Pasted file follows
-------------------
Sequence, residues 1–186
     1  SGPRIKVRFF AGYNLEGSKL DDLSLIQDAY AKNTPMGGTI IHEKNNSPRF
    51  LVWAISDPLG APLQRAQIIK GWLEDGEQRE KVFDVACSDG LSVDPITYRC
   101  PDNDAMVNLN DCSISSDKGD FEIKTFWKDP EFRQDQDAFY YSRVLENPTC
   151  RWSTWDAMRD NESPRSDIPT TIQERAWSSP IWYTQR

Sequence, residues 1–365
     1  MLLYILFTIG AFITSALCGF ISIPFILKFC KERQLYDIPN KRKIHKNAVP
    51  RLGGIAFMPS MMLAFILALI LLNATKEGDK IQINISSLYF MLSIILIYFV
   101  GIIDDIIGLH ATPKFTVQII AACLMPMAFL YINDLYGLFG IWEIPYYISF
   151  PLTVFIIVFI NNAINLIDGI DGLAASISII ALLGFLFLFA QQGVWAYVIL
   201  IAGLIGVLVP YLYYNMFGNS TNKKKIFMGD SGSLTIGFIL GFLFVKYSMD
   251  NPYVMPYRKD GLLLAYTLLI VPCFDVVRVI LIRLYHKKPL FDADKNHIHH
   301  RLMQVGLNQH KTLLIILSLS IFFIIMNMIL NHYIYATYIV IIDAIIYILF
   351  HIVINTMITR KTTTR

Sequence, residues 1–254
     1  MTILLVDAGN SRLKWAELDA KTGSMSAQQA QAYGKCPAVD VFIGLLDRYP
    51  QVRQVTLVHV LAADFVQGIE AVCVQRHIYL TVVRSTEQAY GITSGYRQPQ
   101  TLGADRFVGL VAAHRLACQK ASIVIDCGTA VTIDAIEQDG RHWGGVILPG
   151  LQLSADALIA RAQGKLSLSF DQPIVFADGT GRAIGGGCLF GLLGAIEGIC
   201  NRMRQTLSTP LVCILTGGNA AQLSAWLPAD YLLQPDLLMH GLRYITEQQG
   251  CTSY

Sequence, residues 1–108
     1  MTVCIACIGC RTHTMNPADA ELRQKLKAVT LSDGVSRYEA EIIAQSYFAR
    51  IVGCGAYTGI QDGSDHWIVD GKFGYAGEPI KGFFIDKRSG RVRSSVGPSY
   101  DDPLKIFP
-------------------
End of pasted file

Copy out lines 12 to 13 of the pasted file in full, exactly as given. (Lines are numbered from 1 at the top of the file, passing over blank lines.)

   251  NPYVMPYRKD GLLLAYTLLI VPCFDVVRVI LIRLYHKKPL FDADKNHIHH
   301  RLMQVGLNQH KTLLIILSLS IFFIIMNMIL NHYIYATYIV IIDAIIYILF